Sebastiaan Straten, Organizer of First Tehran International Persian Run also dubbed TehRUN, said the event sought to cross bridges and break barriers between nations.
The 1st Tehran International Marathon convened in the Iranian capital on Friday 7th of April 2017 with participation of over 350 runners from more than 42 countries. TehRUN 2017 aimed at building bridges and breaking barriers.
The full marathon started at Azadi (Freedom) Stadium, and passed by the iconic Azadi Tower, a prominent structure during rallies in the 1979 Islamic Revolution. Other landmarks along the route included Ferdowsi Square, built in honor of the famous Persian poet, and the Tehran City Theatre along Valiasr Street, one of the longest avenues in the Middle East.
In an exclusive interview with Mehr News Agency, Sebastian Straten, a 42-year-old Dutch entrepreneur who first travelled to Iran in 2005, answered the following questions on the event:
What were the main objectives of the second marathon event and did it meet all its aims?
Main objective was to build a bridge between Iran and the rest of the world. By having runners from many different countries participate. To break barriers that international politics have created. Another goal was to show a young Iranian generation that to run is fun and gives positive energy.
Over 442 runners from 45 countries participated in this second I run Iran event. That is a good start. Unfortunately, most American and many UK runners did not get their visa. That was a missed opportunity by local authorities and Iran Athletic Federation to show Iran is different from American politics. Many motivated runners that prepared months to participate were not granted visa. It was a shame that they were not granted visa and they were not informed properly about it.
We succeeded in having female runners officially participate in one of the distances of this event. First steps were made towards full participation. Because men and women are equal and deserve the same rights. A young generation of Iranian boys and girls will hopefully follow in their footsteps.
Given that the first marathon took place in Shiraz, did you have any specific reasons for choosing Tehran as the venue for the second edition?
To get more attention to a bigger audience to promote street running. Also to show that it is possible to organize an international street running event inside an enormous city with millions of inhabitants and cars. For half a day Azadi square was the domain of healthy runners not polluting cars. And local police and traffic control did a great job in safety.
How was it received by the public and the athletes? Was it any better than the earlier edition?
It is hard to compare them. the First Tehran International Marathon was very special to the runners and I think photos show that they had a good time. Unfortunately, it was held very early in the morning on a Friday and there were few Tehrani along the way to cheer for them. At Marvdasht/Persepolis last year the local people were amazing to show their support and enthusiasm! The Pars people are known for their warm hospitality and they proved it.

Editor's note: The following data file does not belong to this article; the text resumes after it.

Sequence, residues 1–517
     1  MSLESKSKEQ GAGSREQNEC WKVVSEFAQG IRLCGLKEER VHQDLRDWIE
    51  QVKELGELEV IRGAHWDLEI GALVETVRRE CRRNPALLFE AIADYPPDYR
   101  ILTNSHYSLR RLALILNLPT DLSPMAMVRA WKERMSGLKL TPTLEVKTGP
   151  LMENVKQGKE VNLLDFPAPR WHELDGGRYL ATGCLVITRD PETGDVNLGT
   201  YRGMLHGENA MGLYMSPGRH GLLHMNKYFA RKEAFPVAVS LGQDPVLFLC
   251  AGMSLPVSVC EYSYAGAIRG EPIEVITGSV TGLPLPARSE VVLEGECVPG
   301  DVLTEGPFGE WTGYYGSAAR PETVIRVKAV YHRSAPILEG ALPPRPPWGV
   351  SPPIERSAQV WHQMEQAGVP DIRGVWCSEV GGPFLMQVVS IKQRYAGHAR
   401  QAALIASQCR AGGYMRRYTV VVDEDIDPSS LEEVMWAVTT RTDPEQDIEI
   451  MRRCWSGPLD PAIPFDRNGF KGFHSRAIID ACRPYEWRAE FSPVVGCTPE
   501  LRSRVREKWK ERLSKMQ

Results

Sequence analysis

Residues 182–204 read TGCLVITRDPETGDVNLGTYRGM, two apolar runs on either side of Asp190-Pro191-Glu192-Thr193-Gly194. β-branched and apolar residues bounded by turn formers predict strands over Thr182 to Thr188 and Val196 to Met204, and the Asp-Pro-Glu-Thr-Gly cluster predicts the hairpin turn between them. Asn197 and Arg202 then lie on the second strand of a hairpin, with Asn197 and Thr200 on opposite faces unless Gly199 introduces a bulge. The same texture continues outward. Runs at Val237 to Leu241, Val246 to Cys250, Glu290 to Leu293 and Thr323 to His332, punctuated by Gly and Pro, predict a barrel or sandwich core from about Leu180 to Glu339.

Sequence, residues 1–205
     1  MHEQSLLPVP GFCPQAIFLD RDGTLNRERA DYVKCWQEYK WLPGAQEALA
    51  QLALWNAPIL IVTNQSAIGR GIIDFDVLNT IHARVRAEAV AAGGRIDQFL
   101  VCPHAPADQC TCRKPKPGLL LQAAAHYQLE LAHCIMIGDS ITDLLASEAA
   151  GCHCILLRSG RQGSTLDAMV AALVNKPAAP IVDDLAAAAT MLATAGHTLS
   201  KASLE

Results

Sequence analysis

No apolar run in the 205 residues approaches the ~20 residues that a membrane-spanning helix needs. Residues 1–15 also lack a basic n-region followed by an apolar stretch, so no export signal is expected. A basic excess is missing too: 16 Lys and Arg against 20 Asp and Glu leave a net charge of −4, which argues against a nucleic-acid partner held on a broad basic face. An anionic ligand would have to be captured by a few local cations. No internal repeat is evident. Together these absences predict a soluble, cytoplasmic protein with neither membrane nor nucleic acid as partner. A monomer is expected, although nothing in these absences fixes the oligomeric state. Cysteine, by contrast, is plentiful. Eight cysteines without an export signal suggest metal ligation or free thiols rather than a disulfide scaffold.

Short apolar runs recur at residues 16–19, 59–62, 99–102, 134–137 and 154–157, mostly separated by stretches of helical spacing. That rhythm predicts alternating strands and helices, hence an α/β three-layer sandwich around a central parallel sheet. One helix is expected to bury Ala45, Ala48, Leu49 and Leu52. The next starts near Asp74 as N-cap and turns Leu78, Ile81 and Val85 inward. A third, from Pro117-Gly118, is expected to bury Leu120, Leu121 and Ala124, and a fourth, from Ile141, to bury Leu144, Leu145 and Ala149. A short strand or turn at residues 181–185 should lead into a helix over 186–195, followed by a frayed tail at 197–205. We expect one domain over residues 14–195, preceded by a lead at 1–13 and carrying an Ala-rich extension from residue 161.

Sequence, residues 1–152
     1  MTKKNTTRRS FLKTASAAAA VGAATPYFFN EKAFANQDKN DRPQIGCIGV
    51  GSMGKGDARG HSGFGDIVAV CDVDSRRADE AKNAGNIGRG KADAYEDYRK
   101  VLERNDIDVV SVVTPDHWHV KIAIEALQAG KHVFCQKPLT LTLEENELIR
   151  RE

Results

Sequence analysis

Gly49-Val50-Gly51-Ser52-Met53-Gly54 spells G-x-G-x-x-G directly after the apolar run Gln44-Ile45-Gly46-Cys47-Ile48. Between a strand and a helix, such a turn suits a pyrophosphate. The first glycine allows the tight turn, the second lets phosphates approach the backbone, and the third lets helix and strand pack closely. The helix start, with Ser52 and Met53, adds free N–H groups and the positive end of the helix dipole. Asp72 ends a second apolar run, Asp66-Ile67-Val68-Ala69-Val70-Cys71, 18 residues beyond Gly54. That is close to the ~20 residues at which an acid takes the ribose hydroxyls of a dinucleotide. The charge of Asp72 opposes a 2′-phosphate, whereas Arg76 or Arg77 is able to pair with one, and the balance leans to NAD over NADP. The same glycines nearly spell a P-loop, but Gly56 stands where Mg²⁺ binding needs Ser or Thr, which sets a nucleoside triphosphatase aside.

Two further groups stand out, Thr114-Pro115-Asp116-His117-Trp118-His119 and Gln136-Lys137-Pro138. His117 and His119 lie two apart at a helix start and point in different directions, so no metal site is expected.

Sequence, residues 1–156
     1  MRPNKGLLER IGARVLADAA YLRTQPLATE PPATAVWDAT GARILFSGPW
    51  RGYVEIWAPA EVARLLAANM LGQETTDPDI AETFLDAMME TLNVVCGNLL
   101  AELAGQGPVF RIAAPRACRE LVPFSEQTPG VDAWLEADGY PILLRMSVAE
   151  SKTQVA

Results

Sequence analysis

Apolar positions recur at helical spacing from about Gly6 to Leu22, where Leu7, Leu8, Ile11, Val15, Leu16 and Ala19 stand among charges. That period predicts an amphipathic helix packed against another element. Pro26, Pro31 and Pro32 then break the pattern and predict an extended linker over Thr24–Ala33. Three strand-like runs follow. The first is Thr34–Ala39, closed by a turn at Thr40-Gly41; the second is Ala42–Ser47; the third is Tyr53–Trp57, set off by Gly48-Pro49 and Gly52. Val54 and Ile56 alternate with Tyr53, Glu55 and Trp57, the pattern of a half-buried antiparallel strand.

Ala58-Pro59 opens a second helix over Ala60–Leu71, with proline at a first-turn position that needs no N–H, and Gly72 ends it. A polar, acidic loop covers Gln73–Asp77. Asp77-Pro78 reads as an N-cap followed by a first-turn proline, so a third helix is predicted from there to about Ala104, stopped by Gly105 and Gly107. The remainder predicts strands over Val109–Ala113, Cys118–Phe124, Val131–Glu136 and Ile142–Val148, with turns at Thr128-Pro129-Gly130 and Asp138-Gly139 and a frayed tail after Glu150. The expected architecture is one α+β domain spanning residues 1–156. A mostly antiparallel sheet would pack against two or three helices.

What difficulties (if any) did you face on the way of organizing the event? Will you continue the project?
All kind of difficulties. It was a big challenge. The most difficult part was to persuade Mr. Keyhani, head of Iran’s Amateur Athletic Federation (IRIAAF) to assist with organizing the marathon. Strangely enough he was not interested in it at first. But finally by the help of the Ministry of Sport and Youth Affairs we could do it. Even close to the start Mr. Keyhani tried to sabotage the project and his sponsors were far more important than the runners. He does not seem to be the right person to work together with foreign partners to build international relationships. I look forward to cooperate with the ministry of Sport and Youth affairs to promote and organize international sport events in Iran.
How much did the marathon help introduce the Iranian culture to the world?
By organizing this event Iran has shown that it is part of the world. Runners from 45 countries got to know the Persian culture and excellent food of Iran. They have made this the most international sport event inside Iran in many years. Persian culture is very strong and Iran has a great history. But Persian pride should not be in the way of cooperating with foreign partners like Iran Silk Road. It is important to give credit to those who deserve credit. The only way to show the beauty and importance of Iran to the rest of the world is to build bridges not walls. And every bridge needs pillars on both sides.
Has the event had any international impacts?
Too early to say!
The 1st Iran marathon at Persepolis was nominated by SPIA for best Amateur Sport Event of the middle East 2016. How did you feel about this and what does the nomination mean to you?
It was an honor to be nominated with the 1st International Marathon of Iran at Persepolis (Marvdasht) in 2016. We hope to win with the 1st Tehran International Marathon at the SPIA 2017 next year!
Sebastiaan Straten is a Dutch entrepreneur who first travelled to Iran in 2005. With his Iran Silk Road Company, he invests in tourism, organizes tours and special events like the first Iran marathon. His main goal is to revive the old Iran Silk Road as a place where travelers meet.
Interview by Mohammad Hossein Azari